The 2005 Massachusetts Sales Tax Holiday Weekend

Those of you in the area know that last weekend was The 2005 Massachusetts Sales Tax Holiday Weekend. The theory is that this gives a boost to retailers, since it’s a sale at every single store, getting people to go out and buy things during a normally slow time. The long-term benefits to retailers, plus the short-term benefits in meal and gas taxes which are still collected, make up for the lost tax revenue.

That’s the theory. Here’s the practice, at least as applied to my life:

Jessi and I picked out about $4,200 in appliances about a month and a half ago (since we need to fill up our new house), and paid half of it then. We paid the balance over the weekend, even though the house isn’t ready for the products yet, to save about $210 in sales taxes. It was rather nice, but it didn’t encourage me to spend more, since we picked the items out before the holiday was even announced.

We needed to order checks, since we can’t find the remaining pad of checks we already have (they’re likely in the garage, somewhere), our address has changed, and we needed new checks soon anyway. Rather than going through my bank’s preferred check printer, I decided to go through Walmart Check Printing. Their prices were much cheaper, and I think that their checks would work just as well. However, they charged me 38 cents in sales tax. I’ve been through several emails with them, and called them up, and all I can get is that their “Quality Department” would look into it and maybe call me back eventually. (The state clearly says that Internet and out-of-state retailers should not collect the tax.)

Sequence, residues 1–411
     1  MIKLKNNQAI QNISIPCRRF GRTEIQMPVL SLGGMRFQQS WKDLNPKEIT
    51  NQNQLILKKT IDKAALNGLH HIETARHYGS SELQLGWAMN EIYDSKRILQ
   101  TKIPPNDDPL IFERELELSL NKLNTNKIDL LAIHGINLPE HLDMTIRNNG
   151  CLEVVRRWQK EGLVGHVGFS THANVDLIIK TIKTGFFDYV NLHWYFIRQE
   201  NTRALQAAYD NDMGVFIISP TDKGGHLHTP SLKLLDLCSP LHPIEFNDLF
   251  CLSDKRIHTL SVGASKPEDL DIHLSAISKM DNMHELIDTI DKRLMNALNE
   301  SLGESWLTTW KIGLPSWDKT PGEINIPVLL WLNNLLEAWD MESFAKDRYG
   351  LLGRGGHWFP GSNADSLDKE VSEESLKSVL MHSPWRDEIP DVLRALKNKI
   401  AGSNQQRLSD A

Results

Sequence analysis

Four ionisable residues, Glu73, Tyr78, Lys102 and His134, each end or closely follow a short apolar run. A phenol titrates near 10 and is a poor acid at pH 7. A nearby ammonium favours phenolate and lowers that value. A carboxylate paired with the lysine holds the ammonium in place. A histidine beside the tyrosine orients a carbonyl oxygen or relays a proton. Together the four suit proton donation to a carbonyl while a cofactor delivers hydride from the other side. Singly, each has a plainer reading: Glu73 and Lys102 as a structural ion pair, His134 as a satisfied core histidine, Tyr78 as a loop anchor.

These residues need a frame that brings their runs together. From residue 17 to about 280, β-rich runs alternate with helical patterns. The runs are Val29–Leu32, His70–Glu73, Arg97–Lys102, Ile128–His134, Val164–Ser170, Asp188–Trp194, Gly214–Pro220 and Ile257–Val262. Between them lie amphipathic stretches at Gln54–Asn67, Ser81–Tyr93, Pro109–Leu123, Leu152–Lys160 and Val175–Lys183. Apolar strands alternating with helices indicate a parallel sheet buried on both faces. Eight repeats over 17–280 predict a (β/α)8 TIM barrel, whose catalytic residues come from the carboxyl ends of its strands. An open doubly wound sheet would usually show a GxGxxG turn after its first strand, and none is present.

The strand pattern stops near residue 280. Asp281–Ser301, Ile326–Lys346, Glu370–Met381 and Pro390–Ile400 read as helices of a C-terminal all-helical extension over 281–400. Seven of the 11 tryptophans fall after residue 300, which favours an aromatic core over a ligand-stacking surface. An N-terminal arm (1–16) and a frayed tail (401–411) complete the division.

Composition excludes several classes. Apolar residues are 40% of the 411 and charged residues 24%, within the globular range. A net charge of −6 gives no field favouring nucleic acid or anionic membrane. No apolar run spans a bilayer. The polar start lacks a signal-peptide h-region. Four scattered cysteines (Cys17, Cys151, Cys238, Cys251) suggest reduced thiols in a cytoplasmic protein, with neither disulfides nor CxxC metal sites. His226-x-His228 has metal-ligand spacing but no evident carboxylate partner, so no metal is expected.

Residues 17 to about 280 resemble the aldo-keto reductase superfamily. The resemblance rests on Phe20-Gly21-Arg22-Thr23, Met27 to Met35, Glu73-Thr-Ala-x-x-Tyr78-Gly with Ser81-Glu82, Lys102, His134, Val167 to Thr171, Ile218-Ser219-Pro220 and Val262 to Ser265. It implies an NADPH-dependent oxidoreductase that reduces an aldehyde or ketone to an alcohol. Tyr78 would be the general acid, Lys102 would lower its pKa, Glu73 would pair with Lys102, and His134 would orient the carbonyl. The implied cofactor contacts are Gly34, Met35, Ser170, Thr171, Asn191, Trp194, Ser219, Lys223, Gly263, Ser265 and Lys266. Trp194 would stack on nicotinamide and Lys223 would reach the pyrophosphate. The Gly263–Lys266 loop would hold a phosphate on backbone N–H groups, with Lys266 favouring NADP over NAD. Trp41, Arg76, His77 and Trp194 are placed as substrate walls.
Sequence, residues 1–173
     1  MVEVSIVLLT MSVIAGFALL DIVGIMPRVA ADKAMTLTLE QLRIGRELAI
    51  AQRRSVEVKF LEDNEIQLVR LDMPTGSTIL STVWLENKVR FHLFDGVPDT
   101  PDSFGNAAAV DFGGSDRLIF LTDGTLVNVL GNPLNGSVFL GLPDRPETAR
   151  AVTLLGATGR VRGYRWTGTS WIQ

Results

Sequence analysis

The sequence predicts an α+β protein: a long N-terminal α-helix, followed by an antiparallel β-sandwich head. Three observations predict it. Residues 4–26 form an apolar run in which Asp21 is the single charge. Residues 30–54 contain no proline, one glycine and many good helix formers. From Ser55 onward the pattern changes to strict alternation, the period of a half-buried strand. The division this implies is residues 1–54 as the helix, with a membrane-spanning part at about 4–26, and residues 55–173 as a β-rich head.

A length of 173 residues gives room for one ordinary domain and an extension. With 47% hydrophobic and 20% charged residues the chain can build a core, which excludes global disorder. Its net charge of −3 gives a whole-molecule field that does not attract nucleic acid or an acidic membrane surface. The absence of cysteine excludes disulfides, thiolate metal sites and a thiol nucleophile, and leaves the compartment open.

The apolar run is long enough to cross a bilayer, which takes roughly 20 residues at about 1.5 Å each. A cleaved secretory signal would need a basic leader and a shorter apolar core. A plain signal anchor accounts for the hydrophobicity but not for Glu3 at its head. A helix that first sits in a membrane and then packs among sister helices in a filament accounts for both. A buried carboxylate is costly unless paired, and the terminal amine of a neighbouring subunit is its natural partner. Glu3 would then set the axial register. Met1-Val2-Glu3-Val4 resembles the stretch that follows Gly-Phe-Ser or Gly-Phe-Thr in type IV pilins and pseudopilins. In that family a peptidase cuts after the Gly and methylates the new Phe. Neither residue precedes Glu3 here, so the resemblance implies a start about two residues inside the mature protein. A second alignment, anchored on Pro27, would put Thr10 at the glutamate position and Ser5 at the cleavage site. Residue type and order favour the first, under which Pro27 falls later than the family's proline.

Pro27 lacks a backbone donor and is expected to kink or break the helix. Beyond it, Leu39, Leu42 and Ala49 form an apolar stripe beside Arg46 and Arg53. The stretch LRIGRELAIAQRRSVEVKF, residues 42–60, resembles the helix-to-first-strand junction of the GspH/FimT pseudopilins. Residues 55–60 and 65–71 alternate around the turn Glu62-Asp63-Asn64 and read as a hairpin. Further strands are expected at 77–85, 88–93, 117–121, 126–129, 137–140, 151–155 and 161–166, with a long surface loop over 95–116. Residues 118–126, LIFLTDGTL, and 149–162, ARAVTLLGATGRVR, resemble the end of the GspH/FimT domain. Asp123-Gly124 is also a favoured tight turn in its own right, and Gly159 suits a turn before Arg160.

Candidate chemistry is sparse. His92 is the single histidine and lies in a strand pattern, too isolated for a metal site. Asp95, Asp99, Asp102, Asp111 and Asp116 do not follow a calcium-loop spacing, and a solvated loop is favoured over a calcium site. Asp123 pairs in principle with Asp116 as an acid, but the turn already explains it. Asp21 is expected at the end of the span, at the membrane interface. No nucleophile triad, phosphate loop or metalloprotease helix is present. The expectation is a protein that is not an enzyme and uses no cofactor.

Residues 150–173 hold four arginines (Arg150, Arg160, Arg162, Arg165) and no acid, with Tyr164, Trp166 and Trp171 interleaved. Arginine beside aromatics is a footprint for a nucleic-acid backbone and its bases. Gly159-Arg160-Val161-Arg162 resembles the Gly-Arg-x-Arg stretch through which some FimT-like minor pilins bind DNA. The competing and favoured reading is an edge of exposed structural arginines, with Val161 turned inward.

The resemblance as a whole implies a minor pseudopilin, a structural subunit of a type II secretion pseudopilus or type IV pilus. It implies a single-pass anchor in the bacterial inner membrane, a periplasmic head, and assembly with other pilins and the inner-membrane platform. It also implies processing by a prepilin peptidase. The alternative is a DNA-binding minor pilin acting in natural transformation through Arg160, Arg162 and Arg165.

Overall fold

I also wanted to order our switch, figuring that it was as good a time as any to buy it. However, the switch is only available online in their business division, which charges sales tax (since businesses don’t get the sales tax holiday). I called them up, and they were willing to sell me the switch through the home division (assuming I could understand the non-native speaker of English on the other end correctly), but they wouldn’t give me the $40 discount on the product that the small business division was offering. Since the discount was roughly four times the tax they were going to charge, I ordered it online and paid the tax anyway.

The online invitation retailer that I indirectly work for didn’t handle things any better, of course. We just happened to know that we had to check for any Massachusetts orders from the weekend before processing them so that we could handle them specially. The sales tax for Massachusetts orders from the weekend was less than the amount they paid me to query the database for them.

I’m not convinced that this special holiday with all these exceptions is really worth it. I think a better idea would be cutting back the state sales and/or income tax more permanently.

1 thought on “The 2005 Massachusetts Sales Tax Holiday Weekend

  1. I agree that the holiday is a waste of resources. The rules are somewhat complicated (in terms of whether a sale occurred over the weekend, and whether or not the sale exceeded the $2500 limit for tax exemption, and whether the item was for business use which still pays tax), and as you point out requiring retailers to participate puts burdens on small business.

    Also, the government should not be encouraging impulse purchasing by interfering with people thinking about whether a purchase makes sense.

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